“When I first came we were right on the heels of a lot of elm trees dying of Dutch elm disease,” said Dickinson in 2011 as he stood outside the President’s Office entrance by the big lawn at the Route 15 curve. “This whole front here near Founders, if you look at old pictures, had probably five or six huge elms on this lawn, so the canopy over campus was exceptionally beautiful.”
The sad whole-scale loss of those classic majestic beauties of the American landscape drove home an important lesson for anybody strategically populating a college campus with trees, said Dickinson. “The real rule of thumb on a college campus or landscape is to keep your tree species less than 10 percent of any one kind so if you have a disease or insect that comes through, you don’t lose every tree on campus to one natural occurrence,” he said.
Ash trees, however, are disproportionately popular with landscapers for several good reasons, said Dickinson, who mentioned in particular the large one outside the president’s window that he estimates to be 50 years old, even though a slower-growing oak might take 75 years to achieve the same size. “They grow very fast, and ash was native to New England, so this and other specimens on campus might have naturally occurred rather than being planted,” he said.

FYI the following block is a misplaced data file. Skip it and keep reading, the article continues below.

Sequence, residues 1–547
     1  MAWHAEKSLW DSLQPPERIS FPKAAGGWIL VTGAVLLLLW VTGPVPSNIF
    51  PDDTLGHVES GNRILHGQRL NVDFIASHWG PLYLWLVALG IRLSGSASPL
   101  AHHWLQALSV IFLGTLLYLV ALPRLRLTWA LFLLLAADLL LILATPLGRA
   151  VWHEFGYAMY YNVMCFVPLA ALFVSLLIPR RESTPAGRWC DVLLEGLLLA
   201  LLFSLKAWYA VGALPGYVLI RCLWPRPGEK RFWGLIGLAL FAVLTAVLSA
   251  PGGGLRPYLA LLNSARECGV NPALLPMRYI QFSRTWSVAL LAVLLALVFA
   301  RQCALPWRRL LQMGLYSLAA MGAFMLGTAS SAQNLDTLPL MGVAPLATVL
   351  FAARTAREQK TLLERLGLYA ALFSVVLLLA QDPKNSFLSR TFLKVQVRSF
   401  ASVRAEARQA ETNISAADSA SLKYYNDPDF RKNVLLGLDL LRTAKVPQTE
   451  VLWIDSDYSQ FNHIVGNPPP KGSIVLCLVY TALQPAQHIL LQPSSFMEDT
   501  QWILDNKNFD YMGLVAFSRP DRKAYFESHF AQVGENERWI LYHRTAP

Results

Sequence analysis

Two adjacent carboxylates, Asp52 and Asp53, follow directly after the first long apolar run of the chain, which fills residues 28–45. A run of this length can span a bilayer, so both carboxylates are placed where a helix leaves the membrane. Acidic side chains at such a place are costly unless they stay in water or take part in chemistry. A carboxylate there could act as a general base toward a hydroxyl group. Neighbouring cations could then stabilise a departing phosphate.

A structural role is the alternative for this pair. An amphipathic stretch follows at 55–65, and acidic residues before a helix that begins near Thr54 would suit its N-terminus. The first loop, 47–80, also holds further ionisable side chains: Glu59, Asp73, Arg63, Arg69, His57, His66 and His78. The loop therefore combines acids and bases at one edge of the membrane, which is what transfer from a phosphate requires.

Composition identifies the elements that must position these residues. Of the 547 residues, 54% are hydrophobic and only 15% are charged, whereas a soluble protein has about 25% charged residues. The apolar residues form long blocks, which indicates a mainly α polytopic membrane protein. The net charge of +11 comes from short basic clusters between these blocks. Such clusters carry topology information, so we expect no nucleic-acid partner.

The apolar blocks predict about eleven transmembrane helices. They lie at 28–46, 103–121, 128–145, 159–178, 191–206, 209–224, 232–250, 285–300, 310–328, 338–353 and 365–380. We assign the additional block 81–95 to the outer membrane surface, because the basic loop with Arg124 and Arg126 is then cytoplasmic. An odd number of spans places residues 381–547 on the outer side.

Also, the variety is known to be “a really tough urban street tree” that tolerates a lot of road or sidewalk salt in winter that easily can get plowed around their roots. That contrasts sharply with, for example, sugar maples, which simply will not tolerate salt. A species that does well would be hackberry trees, which he called “very specific to this area – hackberry seem to really like the soil around Saint Michael’s. There’s probably 5 or 6 campus-wide, one in front of Prevel, one in the center if campus. We probably should try to plant some more – they seem to do pretty well,” said Dickinson.
Peter Hope of the biology faculty, a botanist and plant taxonomist, says the borer-vulnerable white ash outside the President’s Office — a specimen of Fraxinus Americana — is “probably my favorite tree on campus. I love the bark on white ashes – fairly sharp ridges and canoe-shaped fissures and very homogenous all around.”
“I’ve joked with students that if I ever see someone coming at this tree with a chain saw, the students are going to have to bring food and water to me up in the tree,” Hope said.